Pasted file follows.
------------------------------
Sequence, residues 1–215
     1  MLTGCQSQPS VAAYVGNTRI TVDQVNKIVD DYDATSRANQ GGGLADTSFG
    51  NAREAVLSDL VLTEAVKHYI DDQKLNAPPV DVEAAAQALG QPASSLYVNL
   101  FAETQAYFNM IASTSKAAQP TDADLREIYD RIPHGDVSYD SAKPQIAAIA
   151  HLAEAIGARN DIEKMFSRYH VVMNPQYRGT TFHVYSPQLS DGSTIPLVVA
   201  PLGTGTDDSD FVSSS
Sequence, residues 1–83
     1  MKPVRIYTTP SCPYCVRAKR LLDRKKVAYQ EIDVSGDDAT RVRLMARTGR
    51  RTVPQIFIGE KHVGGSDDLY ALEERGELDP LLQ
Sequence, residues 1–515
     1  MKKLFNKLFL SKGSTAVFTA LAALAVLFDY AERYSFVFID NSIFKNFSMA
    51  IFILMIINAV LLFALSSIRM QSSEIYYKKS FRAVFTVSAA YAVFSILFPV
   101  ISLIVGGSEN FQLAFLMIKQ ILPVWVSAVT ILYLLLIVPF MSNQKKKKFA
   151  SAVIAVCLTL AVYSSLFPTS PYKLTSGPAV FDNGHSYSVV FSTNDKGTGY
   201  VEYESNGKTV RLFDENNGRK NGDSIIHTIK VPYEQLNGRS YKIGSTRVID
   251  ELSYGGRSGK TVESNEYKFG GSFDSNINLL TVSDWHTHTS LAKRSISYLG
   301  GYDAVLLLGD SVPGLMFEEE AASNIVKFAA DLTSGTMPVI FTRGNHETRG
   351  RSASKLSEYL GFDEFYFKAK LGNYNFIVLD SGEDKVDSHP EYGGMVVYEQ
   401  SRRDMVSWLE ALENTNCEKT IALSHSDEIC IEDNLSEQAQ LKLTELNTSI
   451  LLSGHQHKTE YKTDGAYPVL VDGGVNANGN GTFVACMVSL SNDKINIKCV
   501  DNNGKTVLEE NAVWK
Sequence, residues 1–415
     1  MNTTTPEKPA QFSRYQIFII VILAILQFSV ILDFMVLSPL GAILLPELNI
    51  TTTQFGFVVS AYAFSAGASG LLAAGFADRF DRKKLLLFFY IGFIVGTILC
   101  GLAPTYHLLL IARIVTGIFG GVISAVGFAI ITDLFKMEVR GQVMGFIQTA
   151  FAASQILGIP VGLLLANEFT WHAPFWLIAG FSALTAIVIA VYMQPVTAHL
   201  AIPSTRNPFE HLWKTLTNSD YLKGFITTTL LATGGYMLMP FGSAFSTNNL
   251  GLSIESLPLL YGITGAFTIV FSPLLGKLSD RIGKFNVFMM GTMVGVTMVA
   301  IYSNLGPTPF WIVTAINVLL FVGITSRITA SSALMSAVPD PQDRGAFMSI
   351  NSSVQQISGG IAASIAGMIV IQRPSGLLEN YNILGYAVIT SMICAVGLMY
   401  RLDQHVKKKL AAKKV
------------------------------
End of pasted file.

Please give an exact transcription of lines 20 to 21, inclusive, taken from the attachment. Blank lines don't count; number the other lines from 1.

   451  LLSGHQHKTE YKTDGAYPVL VDGGVNANGN GTFVACMVSL SNDKINIKCV
   501  DNNGKTVLEE NAVWK